- The impact could not even be assessed because there was no environment impact assessment report and neither were there any detailed site layout plans for the proposed diversion.
- The vision that seeks to alter the nature of an ancient island bigger than Chennai and Mumbai in area.
- A meeting will be held to initiate the denotification of the Onge tribal reserve on Little Andaman.
2) Centre likely to postpone Census to 2022-
GS 3- Economic & Social Development.
- The Central government is on track to push the 2021 Census to 2022 on account of the country’s continuing preoccupation with the COVID-19 pandemic.
- Measures taken to deal with the pandemic and now the massive vaccination programme under way across the country are the reasons behind the postponement.
- The Census exercise was to be conducted in two phases —
- House Listing and Housing Census from April to September 2020 and;
- Population Enumeration from February 9 to February 28, 2021.
CONTROVERSY SURROUNDING THE NPR:
- Thousands of people had protested against the Centre’s decision to update the NPR, which is considered the basis for the preparation of a National Register of Citizens (NRC) that could potentially exclude millions of people born in India.
- The entire process of NPR had become controversial after Parliament approved the Citizenship (Amendment) Act in December 2019 that sought to give citizenship to persecuted minorities from Bangladesh, Afghanistan and Pakistan who entered India on or before December 31, 2014.
- However, the rules required for implementing the CAA have not been framed so far — more than a year after the passage of this key legislation.
- Diplomatic sources believe that strong opposition from Bangladesh is one of the factors that led to the CAA remaining on hold.
3) ‘3-language policy is not applicable to Central govt. offices’-
GS 2- issues and challenges pertaining to the federal structure
- The Union Ministry of Home Affairs has said the three-language policy is not applicable to offices of the Union government.
- The Ministry gave this response to a question filed under the Right to Information (RTI) Act on the recent CRPF event at Bhadravati in Shivamogga district, where the plaques unveiled to mark the foundation stone-laying ceremony were only in English and Hindi.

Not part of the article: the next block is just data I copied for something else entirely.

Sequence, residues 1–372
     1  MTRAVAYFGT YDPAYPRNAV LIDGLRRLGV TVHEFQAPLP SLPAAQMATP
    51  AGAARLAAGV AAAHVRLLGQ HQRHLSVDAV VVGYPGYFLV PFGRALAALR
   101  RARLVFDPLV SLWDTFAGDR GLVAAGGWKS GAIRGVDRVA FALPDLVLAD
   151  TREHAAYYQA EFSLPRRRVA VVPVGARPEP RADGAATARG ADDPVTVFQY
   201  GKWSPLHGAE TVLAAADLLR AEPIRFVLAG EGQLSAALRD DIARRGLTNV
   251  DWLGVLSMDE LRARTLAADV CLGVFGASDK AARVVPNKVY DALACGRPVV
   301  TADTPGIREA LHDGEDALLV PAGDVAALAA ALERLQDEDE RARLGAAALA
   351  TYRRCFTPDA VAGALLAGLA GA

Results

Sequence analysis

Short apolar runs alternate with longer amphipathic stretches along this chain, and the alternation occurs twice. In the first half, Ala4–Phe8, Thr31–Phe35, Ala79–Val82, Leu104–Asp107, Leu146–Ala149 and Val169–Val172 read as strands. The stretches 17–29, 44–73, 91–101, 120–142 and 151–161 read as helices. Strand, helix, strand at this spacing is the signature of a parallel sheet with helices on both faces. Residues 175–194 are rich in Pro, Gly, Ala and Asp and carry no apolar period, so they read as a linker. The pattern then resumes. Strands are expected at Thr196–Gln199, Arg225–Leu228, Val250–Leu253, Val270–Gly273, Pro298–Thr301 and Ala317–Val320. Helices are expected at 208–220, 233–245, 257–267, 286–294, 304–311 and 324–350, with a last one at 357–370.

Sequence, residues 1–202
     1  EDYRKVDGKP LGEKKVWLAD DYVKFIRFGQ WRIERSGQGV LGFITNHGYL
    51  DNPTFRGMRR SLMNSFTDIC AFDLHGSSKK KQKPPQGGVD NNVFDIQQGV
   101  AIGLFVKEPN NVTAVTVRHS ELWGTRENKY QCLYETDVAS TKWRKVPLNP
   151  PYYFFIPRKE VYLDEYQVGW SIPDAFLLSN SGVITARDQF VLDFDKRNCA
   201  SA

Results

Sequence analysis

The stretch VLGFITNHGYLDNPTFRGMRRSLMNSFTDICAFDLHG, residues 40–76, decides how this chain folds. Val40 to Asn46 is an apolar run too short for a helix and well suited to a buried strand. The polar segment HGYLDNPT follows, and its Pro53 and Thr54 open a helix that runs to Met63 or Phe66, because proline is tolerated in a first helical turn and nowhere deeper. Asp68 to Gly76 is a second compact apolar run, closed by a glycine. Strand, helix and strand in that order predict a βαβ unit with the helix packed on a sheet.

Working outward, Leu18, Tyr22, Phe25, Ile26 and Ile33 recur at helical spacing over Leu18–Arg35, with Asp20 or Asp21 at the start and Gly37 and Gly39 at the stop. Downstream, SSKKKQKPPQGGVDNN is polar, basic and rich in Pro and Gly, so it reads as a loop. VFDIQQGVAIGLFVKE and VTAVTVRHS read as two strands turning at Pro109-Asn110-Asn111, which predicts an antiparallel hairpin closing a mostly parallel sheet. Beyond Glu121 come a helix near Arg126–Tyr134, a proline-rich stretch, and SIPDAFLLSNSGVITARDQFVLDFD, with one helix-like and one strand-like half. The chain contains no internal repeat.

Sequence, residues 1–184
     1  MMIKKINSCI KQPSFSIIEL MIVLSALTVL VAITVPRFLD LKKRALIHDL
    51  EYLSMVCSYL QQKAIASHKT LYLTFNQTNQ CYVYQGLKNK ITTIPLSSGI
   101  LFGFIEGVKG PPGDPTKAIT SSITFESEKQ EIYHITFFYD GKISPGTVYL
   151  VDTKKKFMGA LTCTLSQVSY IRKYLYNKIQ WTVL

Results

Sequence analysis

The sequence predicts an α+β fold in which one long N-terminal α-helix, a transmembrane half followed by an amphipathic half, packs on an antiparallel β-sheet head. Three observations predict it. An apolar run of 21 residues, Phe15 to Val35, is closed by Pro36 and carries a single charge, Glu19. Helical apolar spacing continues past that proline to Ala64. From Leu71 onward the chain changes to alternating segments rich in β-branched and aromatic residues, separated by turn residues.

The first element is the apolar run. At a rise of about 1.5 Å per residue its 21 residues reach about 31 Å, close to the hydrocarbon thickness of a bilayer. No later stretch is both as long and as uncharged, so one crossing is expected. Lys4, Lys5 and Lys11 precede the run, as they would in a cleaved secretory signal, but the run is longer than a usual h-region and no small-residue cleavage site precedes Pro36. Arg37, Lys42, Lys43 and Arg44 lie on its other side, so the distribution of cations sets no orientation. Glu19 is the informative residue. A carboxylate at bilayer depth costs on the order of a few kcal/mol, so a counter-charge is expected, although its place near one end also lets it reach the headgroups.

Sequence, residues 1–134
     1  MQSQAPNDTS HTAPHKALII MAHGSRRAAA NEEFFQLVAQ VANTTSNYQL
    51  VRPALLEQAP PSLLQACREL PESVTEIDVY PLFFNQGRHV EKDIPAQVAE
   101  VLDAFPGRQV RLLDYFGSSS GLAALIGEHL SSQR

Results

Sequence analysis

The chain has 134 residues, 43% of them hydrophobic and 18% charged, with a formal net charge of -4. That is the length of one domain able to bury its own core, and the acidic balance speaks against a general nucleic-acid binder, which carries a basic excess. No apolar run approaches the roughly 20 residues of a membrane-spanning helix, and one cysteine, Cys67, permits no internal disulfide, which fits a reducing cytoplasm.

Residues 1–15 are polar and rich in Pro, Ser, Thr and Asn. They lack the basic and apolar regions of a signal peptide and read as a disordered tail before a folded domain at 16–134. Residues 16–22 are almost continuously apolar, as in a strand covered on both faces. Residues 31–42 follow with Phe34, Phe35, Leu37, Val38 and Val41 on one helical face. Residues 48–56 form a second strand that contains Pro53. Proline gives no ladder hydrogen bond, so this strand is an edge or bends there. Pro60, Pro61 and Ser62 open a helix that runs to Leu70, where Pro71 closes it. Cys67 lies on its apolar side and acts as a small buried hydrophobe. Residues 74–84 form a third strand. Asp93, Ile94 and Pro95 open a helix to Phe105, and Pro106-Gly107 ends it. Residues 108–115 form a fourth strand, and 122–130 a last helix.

WHAT IS THREE-LANGUAGE FORMULA?
- It was first incorporated in the National Education Policy 1968 by the Indira Gandhi government.
- In Hindi-speaking states: English, Hindi, and a modern Indian language.
- Non-Hindi speaking states: English, Hindi, and one Indian language.
- The three-language formula sought to serve three functions namely, accommodating group identity, affirming national unity, and increasing administrative efficiency.
- In 1968, the three-language formula was implemented across the country, barring Tamil Nadu that adopted a two-language policy.
- Kannada activists and Opposition leaders, including former Chief Ministers H.D. Kumaraswamy and Siddaramaiah, said Kannada was ignored at the programme.
- Hundreds of people took to social media to criticise the Centre.
- Union Home Ministry has defended its stand citing the rules- “as per the provision of the Official Language Act, 1963, and the Official Language Rules, 1976, the provision of bilingual policy is applicable in the offices of the Central government.
- The only solution to this problem could be amendments to the Articles from 343 to 351 of the Constitution which declare Hindi as the official language.
4) Garbage-to-power plant in veggie market gets PM’s pat-
GS 3- Science and Technology- developments and their applications and effects in everyday life
Prime Minister made a mention of the garbage-to-power plant being commissioned inside the Dr. B.R. Ambedkar Agriculture Market in Bowenpally.
- Vegetable and fruit waste is used to generate power to the extent of 500 units a day and 30 kilos of green manure at the plant.
- This is being done by making use of 10 tonnes of left over market waste.
- The power generated is being used to light up the market and also run the canteen in the premises enabling the market committee to make substantial savings in power bills.
- “This is the power of innovation, it was nice to learn about it. This is the journey of turning garbage into gold,” the Prime Minister remarked.